Microsoft Retired Your MCSA. Now What?
In 2018, Microsoft announced it was retiring a handful of MCSA certifications and replacing them with role-based certifications. If you were studying for one of those certs, understandably you were probably shocked or upset. The change happened. A lot of exams retired in 2019. Life went on. And then, Microsoft dealt a final blow to the old certification program in 2020.
In February 2020, Microsoft announced it will be retiring the remaining MCSA, MCSE, MCSD Exams. Read more about that change.
We totally get it — earning certs can take a lot of time, money, and energy. We don't blame you if you feel like throwing your monitor or laptop out the window. But before you do anything rash, we've got some advice for you to consider.
Here are our thoughts on MCSA certification retirement, your options moving forward, and how you can make a smooth transition.
Microsoft Cert Retirements. Why Now?
Take a look around the IT certification industry and you'll notice a lot of changes. Amazon has eliminated exam prerequisites. VMware certifications don't expire. Cisco turned their cert program upside down by rolling 9 CCNAs into one. And then there's Microsoft retiring an a few exam series it released months prior. Needless to say, 2019 and 2020 were a tumultuous couple years for certifications.
In 2018, Microsoft unveiled new role-based certifications to replace many of their popular MCSA certifications. These role-based certifications are designed to close the gap between the knowledge needed to pass cert exams — and the knowledge needed to perform specific job roles.
After years of building certifications around their products and services, Microsoft is pulling a 180. Their role-based certifications focus on the skills that IT pros need to be successful on the job rather than the knowledge needed to pass an exam.
The first MCSA certifications to go were Cloud Platform and Linux on Azure in December. They have been replaced by the following role-based certifications:
In March 2019, MCSA: Windows 10 and Office 365 retired. Microsoft took a number of exams from beta to retirement in less than a year. Here's the full path of Microsoft moving from the AZ-200 to the latest version, AZ-204, in less than two years.
You can see a full list of all the Microsoft certifications in our Complete Guide to Microsoft Certifications, which will be updated as we get details.
These certification retirements have been a little disconcerting for many MCSAs. Does this mean your MCSA knowledge and skills are obsolete? The answer: Absolutely not.
It's not like Microsoft is significantly changing Azure, Office 365, or Windows. Instead, Microsoft is revamping what their certifications and exams validate. In moving to role-based certifications, Microsoft is shooting for a more holistic approach to certifications. IT pros are no longer tested on product knowledge alone. They're required to apply product knowledge to specific job roles and tasks. If you're new to IT or a few years into your career, this is good news. You have a chance to start fresh.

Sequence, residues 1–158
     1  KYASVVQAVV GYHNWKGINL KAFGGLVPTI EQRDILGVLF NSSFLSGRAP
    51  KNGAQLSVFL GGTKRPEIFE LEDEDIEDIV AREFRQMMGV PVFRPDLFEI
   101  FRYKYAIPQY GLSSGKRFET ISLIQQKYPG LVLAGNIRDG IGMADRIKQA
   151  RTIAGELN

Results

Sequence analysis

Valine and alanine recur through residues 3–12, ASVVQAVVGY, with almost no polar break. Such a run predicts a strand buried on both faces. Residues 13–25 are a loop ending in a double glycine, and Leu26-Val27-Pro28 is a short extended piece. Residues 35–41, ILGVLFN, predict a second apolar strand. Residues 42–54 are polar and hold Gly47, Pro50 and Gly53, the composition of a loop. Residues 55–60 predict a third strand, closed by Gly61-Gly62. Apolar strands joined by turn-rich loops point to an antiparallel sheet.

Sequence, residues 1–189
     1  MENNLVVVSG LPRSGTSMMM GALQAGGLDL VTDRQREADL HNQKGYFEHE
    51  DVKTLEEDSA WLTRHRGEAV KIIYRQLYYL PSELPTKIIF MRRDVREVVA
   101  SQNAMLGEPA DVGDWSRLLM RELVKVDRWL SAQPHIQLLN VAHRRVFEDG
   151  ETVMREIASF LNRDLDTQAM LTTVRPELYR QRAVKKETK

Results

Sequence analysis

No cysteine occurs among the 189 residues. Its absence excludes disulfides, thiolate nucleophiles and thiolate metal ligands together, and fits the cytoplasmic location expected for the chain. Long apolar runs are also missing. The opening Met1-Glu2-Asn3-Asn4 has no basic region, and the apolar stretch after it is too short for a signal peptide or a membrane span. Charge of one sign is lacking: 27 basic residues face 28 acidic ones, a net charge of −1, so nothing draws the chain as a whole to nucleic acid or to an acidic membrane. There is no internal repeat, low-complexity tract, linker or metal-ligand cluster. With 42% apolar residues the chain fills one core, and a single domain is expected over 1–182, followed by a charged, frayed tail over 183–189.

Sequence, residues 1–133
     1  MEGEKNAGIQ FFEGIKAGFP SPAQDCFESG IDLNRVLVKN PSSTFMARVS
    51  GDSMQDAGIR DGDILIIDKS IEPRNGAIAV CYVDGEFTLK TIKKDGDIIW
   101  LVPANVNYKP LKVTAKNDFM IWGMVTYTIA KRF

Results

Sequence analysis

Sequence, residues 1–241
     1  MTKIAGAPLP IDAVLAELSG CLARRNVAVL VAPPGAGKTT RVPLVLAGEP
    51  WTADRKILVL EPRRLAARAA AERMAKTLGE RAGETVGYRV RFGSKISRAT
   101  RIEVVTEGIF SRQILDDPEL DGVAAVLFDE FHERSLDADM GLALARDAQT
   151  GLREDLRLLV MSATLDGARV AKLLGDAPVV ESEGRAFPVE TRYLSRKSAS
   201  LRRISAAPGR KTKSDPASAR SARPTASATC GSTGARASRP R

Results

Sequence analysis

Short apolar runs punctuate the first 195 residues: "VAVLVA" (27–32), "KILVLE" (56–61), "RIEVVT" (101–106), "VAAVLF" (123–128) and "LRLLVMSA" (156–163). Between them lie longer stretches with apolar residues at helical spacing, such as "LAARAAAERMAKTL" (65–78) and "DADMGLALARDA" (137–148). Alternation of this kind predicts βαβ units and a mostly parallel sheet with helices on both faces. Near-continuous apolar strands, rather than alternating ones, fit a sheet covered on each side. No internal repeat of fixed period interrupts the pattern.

Research the Certification Before Taking the Plunge
If you've been thinking about MCSA certification, now's a good time to visit Microsoft's website. You can avoid a lot of wasted effort and money with a few clicks to find out if a certification is slated to be retired soon.
Many IT certification vendors are pretty good about sharing certification retirement information. Microsoft is no exception. They make it very clear if a certification is or slated to be retired. You can't miss the red font that says "This exam has been retired."
Words of warning, though, Microsoft isn't the best at directing learners from those pages to replacement certifications. For example, if you go to the retired 70-533 Implementing Microsoft Azure Infrastructure Solutions certification page, there's no link to the certification that replaced it. Luckily, we already mapped the retiring Microsoft exams to their replacements.
Here's a full list of exam retirements from the first round in 2018 and their current corresponding exams:
70-532: Developing Microsoft Azure Solutions | AZ-203 AZ-204: Developing Solutions for Microsoft Azure
70-533: Implementing Microsoft Azure Infrastructure Solutions | AZ-100 & AZ-101, AZ-103 AZ-104
70-535: Architecting Microsoft Azure Solutions | AZ-300 & AZ-301 AZ-303 & AZ-304
70-346: Managing Office 365 Identities and Requirements | MS-100: Microsoft 365 Identity and Services & MS-101: Microsoft 365 Mobility and Security
70-347: Enabling Office 365 Services | MS-100: Microsoft 365 Identity and Services & MS-101: Microsoft 365 Mobility and Security